Of all the clothes a woman wears, a wedding dress is perhaps most closely woven to her heartstrings.
But once the big day is over, wedding dresses tend to get quartered in a wide variety of places. Most end up hung in the plastic bag they were purchased in, between Grandma's fur and Dad's old flight jacket. More romantically, some are laid to reset in an old attic trunk for a private, dreamy winter's day.
whichever way you are storing, or plan to store your wedding gown, there is one thing to remember: Its fate lies in your hands (and hangers). Your dress will last for your granddaughter if properly stored. Here is additional advice gleaned from the Museum of History and Technology's Division of Costumes:
Begin by determining the style of your dress, for that dictates the storage method. If you have a fairly sturdy, light- or medium-weight gown, perhaps of Mexican cotton or chiffon, a well-padded hanger will do. Pay close attention to shoulder shaping and stufff with tissue if it seems slack.
A lightweight plastic bag goes over the gown, with the bottom open to prevent mildew. Hang away from direct light, but pay attention to where you're hanging it. Any place in your home subject to fluctuating temperatures and humidity, like damp basements or uninsulated attics, should be avoided. Constant temperature change can wreak havoc on any fiber.
If your wedding gown is of the heavier lace/net/silk variety, with beading or other detail, flat storage in as large a container as possible is recommended. This prevents stretching and sagging of heavier materials.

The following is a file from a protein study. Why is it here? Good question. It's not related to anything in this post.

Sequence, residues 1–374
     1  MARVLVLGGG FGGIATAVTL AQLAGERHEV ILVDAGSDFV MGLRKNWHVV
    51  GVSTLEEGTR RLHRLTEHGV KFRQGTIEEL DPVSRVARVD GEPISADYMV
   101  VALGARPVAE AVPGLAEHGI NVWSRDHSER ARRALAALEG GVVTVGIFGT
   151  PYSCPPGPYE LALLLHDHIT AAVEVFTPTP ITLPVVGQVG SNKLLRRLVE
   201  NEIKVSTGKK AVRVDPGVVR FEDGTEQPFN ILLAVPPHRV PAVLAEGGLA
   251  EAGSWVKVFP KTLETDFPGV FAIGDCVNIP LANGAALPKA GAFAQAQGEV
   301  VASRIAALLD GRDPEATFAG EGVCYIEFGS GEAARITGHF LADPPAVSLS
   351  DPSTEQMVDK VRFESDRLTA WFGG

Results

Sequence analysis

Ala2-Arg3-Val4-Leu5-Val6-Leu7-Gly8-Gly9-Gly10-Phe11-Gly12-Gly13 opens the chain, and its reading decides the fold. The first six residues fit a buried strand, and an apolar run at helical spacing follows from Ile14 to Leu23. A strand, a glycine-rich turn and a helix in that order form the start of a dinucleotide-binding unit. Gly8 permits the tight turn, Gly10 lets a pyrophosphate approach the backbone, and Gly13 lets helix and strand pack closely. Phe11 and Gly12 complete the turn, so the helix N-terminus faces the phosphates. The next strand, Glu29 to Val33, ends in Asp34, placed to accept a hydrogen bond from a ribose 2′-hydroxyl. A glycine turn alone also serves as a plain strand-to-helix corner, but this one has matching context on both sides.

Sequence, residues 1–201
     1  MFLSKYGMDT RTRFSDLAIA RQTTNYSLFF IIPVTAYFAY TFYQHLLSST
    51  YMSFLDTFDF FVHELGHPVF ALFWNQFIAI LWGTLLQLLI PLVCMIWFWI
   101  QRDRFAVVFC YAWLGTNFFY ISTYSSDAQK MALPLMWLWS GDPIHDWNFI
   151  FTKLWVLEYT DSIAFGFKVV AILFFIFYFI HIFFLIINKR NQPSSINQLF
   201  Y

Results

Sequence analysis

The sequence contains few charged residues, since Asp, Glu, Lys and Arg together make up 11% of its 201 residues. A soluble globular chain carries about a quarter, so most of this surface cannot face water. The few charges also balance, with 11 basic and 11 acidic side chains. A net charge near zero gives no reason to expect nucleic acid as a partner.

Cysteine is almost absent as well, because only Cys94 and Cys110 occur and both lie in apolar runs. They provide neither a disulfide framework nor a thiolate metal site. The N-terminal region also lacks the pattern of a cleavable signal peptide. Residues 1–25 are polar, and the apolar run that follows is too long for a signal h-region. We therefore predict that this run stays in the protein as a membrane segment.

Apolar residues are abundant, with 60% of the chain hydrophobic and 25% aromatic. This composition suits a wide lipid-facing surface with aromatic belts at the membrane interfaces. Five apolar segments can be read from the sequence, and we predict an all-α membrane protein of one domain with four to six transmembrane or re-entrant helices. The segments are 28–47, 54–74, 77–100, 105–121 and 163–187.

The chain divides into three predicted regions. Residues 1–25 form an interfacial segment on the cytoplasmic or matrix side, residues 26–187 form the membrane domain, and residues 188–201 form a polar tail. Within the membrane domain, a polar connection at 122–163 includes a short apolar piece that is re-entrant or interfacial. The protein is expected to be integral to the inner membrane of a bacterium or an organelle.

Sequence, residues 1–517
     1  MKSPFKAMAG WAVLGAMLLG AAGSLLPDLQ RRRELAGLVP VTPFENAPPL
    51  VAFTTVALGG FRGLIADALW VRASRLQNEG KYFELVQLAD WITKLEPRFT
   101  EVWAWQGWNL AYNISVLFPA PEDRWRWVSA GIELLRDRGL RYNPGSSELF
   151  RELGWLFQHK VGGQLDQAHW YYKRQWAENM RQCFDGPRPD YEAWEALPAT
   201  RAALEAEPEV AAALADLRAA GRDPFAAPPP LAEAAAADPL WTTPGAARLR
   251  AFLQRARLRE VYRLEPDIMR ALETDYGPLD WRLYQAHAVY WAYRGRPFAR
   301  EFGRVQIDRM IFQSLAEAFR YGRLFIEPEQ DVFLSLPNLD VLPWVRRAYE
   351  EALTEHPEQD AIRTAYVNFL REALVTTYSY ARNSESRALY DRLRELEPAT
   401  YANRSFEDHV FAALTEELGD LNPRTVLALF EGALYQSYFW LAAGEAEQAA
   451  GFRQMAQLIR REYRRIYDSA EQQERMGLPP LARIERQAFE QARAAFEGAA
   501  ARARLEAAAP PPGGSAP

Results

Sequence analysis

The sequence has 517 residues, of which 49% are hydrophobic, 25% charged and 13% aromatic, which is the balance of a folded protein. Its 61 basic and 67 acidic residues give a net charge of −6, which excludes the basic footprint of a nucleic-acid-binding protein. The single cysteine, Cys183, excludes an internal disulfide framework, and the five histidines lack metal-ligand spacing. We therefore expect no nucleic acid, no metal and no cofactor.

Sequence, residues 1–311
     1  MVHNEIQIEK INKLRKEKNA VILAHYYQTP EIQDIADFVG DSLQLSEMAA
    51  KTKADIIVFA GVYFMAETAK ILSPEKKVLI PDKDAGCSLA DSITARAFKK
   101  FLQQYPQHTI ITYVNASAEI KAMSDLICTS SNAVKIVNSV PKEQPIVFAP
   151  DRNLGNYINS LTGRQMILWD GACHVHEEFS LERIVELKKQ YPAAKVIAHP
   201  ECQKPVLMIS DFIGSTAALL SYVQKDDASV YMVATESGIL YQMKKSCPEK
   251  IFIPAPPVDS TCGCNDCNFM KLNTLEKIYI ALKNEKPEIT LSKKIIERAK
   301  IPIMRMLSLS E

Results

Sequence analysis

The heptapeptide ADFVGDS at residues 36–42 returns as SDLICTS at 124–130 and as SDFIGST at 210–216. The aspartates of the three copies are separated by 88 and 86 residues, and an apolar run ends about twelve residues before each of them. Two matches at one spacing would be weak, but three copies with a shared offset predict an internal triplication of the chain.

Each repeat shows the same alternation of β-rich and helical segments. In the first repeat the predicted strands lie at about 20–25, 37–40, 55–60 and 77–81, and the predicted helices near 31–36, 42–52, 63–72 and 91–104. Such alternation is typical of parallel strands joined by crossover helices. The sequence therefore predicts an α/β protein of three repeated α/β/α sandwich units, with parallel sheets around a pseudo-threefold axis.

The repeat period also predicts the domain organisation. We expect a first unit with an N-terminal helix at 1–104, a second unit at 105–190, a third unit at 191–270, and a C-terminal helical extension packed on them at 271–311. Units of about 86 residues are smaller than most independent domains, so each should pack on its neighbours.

Plan the arrangement of your gown with as few folds as possible. All folds should be rounded out with a stuffing of tissue, concentrating the folds toward the outside of the container. Shaping of the dress, particularly the bust and shoulders, can be supported by crumped tissue from within. The arranged dress should then be wrapped in a clean sheet or muslin before final placement. d
For a professional touch, the Costume Division recommends "Permalife" paper, obtainable from TALAS, 104 Fifth Ave., New York, N.Y. 10011. This lining material neutralizes any acid, effects from the container itself.
Now that your gown is safe, remember your headpiece and/or veil. Virtually the same rules apply. If you wore a short, light veil, it can be hung on its own well-padded, covered hanger. For delicate laces, mantillas and full-length veils, container storage is preferable. Allow enough room for the height of the headpiece, supporting it on tissue and covering the crown. Again, arrange for as few folds as possible, padding them into rounded, not flat, edges.
If you can't bear to wear or dye your wedding shoes, they can be stored for posterity in shoe trees and wrapped in plastic. If you danced all night and they're a big dingy, have them cleand first by a shoe-repair service.
Clothes can be heritage, and a wedding gown is the prime example. If all of this preparation seems too complicated, among stores offering storage service for your new heirloom (including veil) are:
Garfinkel's: "Heirlooming Serving," cleaned and hermetically sealed in corrugated box with veil. Bring to F Street Bridal Salon or any branch's Better Dress or Designer Depts. Takes 2-3 months. $65.
Woodward & Lothrop: Inspected, hand-cleaned, placed on chemically-treated paper. Sealed in plastic on support form and doubled boxed. Takes 1 month. $60.
Royal Formal and Bridal: Cleaned and stored in windowed box, airtight. Bring dress to any of six area locations. Takes 2-3 weeks. $55.